An addition to the usual bevy of Cinderella supporters is Dog, Nancy's faithful companion, danced by Rob Morrow (and also Justin Michael Hogan). Morrow's energy was reminiscent of his Jester in the 2013 "Swan Lake," again he seemed to enjoy all of the comedic (and “aaww”) moments afforded by this role while also impressing with his apparently effortless grand jetés. Without giving away too many of the added plot twists, suffice it to say that Dog outwits the humans and is in the right place at the right time to aid Nancy.
Kateryna Sellers dances the double role of dance instructor and godmother – demonstrating in equal measure what the program describes as the person "who can be your worst nightmare/who can make your dreams come true." The dance studio is clearly her realm, where she leads her pupils through '50s dance steps with a casual assurance that demonstrates they'll never be as good as she. The godmother is much more approachable, a little dotty (she appears and disappears through the TV), and relishes the funkier aspects of the Ron Paley-adapted music.
Nancy and Bob are danced by Natalia Ashikhmina and Mark Krieger. Krieger's first role with the Louisville Ballet was in Caniparoli's “Lady of the Camellias” in which he was also paired with Ashikhmina. These two are well-matched in this piece. Ashikhmina is delightful as the unsophisticated Nancy (down to the braided hair and specs), demonstratiing a light comedic touch that she doesn't often get a chance to reveal. Krieger is quite at home as Bob "accustomed to being the center of attention," and equally as effective as he realizes that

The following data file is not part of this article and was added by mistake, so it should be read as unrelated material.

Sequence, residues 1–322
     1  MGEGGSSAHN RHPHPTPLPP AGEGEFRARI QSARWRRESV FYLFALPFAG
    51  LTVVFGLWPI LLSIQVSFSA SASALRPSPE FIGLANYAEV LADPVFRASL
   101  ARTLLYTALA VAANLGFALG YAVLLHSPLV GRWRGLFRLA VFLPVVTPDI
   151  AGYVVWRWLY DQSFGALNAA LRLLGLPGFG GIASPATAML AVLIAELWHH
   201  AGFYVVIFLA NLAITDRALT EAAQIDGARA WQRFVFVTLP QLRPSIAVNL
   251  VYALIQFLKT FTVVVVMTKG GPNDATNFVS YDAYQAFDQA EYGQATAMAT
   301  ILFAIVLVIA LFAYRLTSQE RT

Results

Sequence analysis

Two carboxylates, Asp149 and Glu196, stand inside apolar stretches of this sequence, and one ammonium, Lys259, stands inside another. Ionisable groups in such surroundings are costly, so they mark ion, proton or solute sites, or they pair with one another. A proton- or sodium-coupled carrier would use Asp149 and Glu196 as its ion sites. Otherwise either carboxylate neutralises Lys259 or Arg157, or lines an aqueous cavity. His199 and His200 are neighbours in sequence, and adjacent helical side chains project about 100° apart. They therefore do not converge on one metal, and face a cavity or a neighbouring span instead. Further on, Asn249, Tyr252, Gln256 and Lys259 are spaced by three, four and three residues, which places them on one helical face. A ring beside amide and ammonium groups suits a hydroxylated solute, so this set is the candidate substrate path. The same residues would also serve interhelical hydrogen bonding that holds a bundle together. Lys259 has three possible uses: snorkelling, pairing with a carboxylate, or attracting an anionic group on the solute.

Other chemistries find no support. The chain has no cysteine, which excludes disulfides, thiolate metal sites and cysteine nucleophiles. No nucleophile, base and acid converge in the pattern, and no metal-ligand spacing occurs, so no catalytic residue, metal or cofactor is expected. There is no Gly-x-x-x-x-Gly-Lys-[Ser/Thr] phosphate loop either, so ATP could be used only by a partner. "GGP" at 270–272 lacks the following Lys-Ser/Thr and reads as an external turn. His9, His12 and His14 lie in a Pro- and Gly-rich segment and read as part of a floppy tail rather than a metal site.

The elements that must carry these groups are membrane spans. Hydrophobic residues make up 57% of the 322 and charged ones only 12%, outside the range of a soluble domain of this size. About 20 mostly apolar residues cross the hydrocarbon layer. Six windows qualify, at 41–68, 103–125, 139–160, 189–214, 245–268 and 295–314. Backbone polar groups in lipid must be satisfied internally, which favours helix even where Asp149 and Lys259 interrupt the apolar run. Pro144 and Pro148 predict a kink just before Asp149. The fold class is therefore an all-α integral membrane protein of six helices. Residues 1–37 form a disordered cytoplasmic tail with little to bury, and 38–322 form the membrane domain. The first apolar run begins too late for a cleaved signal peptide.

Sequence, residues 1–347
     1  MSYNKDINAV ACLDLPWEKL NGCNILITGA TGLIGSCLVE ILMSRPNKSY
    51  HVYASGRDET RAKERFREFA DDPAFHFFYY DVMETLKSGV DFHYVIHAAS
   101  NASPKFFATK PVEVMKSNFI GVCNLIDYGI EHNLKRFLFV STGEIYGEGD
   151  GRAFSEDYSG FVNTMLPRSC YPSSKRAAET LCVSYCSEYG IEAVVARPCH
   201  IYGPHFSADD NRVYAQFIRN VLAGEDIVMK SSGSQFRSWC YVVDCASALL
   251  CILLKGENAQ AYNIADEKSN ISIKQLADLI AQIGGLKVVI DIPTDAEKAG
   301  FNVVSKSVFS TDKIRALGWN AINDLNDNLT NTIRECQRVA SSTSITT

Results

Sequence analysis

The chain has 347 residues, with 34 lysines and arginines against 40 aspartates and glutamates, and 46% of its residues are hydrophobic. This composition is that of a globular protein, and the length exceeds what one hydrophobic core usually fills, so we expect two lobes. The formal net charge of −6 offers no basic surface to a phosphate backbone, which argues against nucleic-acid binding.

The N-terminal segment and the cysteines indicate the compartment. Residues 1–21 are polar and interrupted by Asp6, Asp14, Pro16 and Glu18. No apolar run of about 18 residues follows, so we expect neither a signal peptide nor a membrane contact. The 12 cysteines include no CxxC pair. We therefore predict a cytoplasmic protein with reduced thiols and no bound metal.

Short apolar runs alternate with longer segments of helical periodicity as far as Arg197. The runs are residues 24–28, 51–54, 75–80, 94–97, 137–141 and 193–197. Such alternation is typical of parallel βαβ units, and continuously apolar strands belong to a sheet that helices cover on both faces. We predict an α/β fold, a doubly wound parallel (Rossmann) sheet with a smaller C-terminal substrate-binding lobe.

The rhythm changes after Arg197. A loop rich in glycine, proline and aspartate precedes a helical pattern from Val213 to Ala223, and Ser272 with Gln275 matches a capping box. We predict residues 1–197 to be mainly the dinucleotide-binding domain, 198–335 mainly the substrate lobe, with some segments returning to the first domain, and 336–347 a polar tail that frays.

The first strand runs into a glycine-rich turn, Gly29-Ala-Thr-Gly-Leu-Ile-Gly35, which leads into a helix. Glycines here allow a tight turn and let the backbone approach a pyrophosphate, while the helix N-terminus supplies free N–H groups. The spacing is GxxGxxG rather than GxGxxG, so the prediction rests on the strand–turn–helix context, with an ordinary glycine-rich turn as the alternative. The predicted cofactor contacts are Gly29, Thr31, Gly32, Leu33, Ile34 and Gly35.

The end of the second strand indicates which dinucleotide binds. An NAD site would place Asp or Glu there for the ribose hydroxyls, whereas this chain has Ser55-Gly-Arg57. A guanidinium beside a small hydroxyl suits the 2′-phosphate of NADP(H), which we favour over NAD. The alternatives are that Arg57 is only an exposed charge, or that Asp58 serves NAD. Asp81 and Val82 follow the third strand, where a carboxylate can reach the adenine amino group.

he really does love Nancy and is devastated by losing her. In the scene when all the women show up dressed in the colors Nancy wore at the dance, his barely concealed frustration, and trepidation, is palpable. The second scene of act two when Nancy and Bob both believe they have lost the other is a poignant oasis in an otherwise lighthearted interpretation of the Cinderella story.